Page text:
Monthly
208 pp. per issue
8 1/2 x 11, illustrated
ISSN
0898-929X
E-ISSN
1530-8898
2014 Impact factor:
4.69

Journal of Cognitive Neuroscience

November 2014, Vol. 26, No. 11, Pages 2624-2636
(doi: 10.1162/jocn_a_00662)
@ 2014 Massachusetts Institute of Technology
Functional Reorganization of the Visual Dorsal Stream as Probed by 3-D Visual Coherence in Williams Syndrome
Article PDF (845.93 KB)
Abstract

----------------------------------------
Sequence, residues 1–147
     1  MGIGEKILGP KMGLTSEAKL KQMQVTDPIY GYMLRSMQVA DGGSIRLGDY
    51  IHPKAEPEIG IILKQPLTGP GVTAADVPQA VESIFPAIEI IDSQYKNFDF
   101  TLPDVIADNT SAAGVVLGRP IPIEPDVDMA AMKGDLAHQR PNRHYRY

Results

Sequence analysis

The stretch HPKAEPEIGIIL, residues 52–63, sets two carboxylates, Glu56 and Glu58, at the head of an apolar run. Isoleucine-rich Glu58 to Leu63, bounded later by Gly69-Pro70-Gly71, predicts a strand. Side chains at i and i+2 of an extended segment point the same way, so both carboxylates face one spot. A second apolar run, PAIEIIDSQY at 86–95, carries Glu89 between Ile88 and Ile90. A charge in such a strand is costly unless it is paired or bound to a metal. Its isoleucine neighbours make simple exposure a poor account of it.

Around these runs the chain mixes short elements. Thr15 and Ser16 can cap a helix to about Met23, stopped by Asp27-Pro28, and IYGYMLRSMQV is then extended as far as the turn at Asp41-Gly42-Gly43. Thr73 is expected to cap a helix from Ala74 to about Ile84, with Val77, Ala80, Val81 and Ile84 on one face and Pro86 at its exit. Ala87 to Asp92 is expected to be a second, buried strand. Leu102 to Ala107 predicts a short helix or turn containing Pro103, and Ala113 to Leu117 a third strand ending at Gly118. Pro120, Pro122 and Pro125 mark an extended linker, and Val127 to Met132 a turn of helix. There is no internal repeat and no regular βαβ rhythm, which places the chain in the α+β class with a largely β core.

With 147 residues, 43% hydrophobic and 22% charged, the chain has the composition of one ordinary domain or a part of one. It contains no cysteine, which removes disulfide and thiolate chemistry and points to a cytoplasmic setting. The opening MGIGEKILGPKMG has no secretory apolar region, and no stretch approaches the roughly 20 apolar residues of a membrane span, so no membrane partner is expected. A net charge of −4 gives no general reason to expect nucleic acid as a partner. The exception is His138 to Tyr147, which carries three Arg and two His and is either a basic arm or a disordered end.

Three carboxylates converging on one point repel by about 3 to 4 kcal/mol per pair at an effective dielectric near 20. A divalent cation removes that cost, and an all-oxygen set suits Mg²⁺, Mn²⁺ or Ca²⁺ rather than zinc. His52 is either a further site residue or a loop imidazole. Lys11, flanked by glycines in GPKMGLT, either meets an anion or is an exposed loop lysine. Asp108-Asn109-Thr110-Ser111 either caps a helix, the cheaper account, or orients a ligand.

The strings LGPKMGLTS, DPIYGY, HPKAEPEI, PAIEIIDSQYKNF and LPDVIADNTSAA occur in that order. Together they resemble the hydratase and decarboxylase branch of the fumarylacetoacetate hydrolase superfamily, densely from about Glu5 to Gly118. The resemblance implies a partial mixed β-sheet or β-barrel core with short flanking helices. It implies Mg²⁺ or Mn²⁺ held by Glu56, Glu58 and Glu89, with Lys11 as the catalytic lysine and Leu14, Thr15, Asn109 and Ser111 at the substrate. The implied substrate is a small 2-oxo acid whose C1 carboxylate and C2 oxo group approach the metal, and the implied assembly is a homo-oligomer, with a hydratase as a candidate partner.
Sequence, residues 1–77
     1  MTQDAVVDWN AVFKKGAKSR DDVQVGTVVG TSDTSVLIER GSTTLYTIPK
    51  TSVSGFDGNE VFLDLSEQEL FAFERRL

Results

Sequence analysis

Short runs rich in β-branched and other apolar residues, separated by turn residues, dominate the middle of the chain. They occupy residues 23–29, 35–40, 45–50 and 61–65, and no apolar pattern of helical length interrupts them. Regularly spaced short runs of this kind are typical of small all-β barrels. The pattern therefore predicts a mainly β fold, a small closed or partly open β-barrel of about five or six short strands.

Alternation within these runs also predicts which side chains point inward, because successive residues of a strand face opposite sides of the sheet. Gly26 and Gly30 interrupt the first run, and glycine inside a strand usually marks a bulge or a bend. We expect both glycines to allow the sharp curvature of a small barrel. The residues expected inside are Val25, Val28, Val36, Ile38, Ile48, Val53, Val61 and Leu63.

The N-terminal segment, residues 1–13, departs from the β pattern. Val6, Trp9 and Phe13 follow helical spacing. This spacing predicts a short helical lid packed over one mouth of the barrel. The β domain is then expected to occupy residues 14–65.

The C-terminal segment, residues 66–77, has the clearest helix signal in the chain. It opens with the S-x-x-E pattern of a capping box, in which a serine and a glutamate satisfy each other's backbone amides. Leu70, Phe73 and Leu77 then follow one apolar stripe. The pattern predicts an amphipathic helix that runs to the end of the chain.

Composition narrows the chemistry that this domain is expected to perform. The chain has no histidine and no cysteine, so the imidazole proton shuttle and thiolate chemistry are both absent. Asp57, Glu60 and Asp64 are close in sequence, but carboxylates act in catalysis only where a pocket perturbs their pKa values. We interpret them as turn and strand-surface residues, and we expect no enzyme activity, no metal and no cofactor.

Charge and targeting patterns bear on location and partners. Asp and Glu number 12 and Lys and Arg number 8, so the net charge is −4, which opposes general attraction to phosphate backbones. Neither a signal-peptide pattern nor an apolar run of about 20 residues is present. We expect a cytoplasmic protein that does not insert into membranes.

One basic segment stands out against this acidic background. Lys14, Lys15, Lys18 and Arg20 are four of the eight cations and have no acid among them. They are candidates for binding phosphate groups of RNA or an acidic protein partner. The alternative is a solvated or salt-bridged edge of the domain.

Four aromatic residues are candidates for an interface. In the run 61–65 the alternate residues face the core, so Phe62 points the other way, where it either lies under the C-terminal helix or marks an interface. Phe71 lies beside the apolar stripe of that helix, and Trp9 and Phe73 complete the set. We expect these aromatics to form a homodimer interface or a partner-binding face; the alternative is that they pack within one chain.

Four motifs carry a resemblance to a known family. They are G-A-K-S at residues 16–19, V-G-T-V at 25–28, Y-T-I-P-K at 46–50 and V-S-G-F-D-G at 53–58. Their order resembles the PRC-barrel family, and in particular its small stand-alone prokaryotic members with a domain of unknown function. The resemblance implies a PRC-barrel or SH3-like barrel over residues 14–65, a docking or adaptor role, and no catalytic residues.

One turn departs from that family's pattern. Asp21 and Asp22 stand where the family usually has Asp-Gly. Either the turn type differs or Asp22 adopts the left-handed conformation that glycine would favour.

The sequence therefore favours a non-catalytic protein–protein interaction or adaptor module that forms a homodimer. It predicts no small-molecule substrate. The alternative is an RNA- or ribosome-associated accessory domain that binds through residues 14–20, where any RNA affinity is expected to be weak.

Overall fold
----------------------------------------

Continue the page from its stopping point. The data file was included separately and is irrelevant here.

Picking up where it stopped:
Object and depth perception from motion cues involves the recruitment of visual dorsal stream brain areas. In 3-D structure-from-motion (SFM) perception, motion and depth information are first extracted in this visual stream to allow object categorization, which is in turn mediated by the ventral visual stream. Such interplay justifies the use of SFM paradigms to understand dorsal–ventral integration of visual information. The nature of such processing is particularly interesting to be investigated in a neurological model of cognitive dissociation between dorsal (impaired) and ventral stream (relatively preserved) processing, Williams syndrome (WS). In the current fMRI study, we assessed dorsal versus ventral stream processing by using a performance-matched 3-D SFM object categorization task. We found evidence for substantial reorganization of the dorsal stream in WS as assessed by whole-brain ANOVA random effects analysis, with subtle differences in ventral activation. Dorsal reorganization was expressed by larger medial recruitment in WS (cuneus, precuneus, and retrosplenial cortex) in contrast with controls, which showed the expected dorsolateral pattern (caudal intraparietal sulcus and lateral occipital cortex). In summary, we found a substantial reorganization of dorsal stream regions in WS in response to simple visual categories and 3-D SFM perception, with less affected ventral stream. Our results corroborate the existence of a medial dorsal pathway that provides the substrate for information rerouting and reorganization in the presence of lateral dorsal stream vulnerability. This interpretation is consistent with recent findings suggesting parallel routing of information in medial and lateral parts of dorsal stream.